Having a service dog can make a disabled person’s life a lot easier. If a disabled person is blind, a service dog can be their eyes. If a disabled person is deaf, a dog can be their ears. There are so many ways a service dog can help. If you think that you need one, then talk to your doctor and have yourself checked to see if your disability merits a service dog. You can also ask someone from the Social Security disability claims department to get a request for a service dog. Here are the steps to take to get a service dog:
See if you qualify
Before you request for a service dog, you should see if you qualify first. You can ask your doctor if you qualify for a service dog, or you can also refer to the guidelines below:
- If you have vision impairment, PTSD, hearing loss, diabetes, autism, epilepsy, or multiple sclerosis
- If your seizures occur once a month or more
- If your bilateral hearing loss is at 30% or more
- If you have mental disorders such as schizophrenia, clinical depression, bipolar disorder, and/or general anxiety
You have to be committed to the dog
Some people have the notion that since they’re disabled and they need a service dog, an organization responsible for providing these needs will simply hand over a canine. It’s not that simple. Before you are provided with a service dog, you must be committed first to undergo training with the dog. Even trained dogs are not capable of attending to your needs as soon as they meet you. They need to familiarize themselves with you and your environment. You need to spend some time getting acquainted with your service dog so that it can help you effectively.
But don’t worry because you have to spend only an hour every day training with the dog. If you think that you can spend an hour each day working with your service dog and letting it get familiar with you, then you can qualify for a service dog.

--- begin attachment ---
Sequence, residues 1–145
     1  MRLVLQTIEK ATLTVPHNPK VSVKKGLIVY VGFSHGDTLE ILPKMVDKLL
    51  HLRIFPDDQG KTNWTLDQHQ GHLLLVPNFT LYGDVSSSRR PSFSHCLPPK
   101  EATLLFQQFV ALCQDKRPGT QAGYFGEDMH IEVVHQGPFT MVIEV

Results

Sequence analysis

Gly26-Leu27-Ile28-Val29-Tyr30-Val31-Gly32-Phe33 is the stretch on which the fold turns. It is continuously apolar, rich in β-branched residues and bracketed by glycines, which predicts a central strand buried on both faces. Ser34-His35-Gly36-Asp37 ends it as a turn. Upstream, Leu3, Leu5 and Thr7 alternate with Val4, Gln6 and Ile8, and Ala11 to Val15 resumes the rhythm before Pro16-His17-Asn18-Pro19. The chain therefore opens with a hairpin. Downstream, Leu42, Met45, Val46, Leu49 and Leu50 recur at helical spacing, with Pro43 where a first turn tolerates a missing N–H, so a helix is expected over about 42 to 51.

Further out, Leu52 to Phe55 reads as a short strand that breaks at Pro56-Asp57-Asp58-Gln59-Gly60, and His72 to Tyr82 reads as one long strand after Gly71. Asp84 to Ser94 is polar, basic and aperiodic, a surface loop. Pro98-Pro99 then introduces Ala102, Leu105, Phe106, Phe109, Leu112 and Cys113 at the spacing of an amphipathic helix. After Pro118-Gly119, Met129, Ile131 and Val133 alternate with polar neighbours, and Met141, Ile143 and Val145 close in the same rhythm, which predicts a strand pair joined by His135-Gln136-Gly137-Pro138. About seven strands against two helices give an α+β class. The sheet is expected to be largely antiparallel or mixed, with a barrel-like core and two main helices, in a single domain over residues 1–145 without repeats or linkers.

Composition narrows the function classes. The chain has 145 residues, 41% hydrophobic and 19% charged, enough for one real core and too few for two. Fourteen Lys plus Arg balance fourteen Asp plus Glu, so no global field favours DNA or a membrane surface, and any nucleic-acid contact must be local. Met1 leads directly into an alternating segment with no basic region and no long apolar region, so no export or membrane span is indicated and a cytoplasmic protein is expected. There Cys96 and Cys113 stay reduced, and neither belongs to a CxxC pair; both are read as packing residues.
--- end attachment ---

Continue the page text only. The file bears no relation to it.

Prepare your home for your service dog
Living with a service dog is like having a two-way relationship: it takes care of you, and you take care of it. You need to provide a stable and clean environment for your service dog if you wish to have one.
Having a safe environment for a service dog means that you should be living in a home that you intend to live in for a long time. Dogs are not used to sudden changes, and constantly moving around will give your service dog anxiety. Therefore, it won’t be able to help you with your disability.
Another description of a safe environment for a service dog is that there are no other people in your environment that can be detrimental to your dog. Your dog’s focus should be on you and your needs. If you have another person living in your home, that is disruptive of your schedule and your needs. As a disabled person, your service dog might find its task of taking care of you too tedious.
People who are not sympathetic to your situation should not stay around you if you wish to have a service dog. This also applies to other pets that you might have that do not like dogs. If you have cats in your home that do not like your service dog, you may have to choose to let your cats go if you need your service dog more. Finally, you should also be willing to take care of your service dog. It’s pretty much the same as having a pet in your home: You feed your pet, you give it a bath every now and then, and you take it out for walks so that it can exercise. The only difference with a service dog is that it is also taking care of you.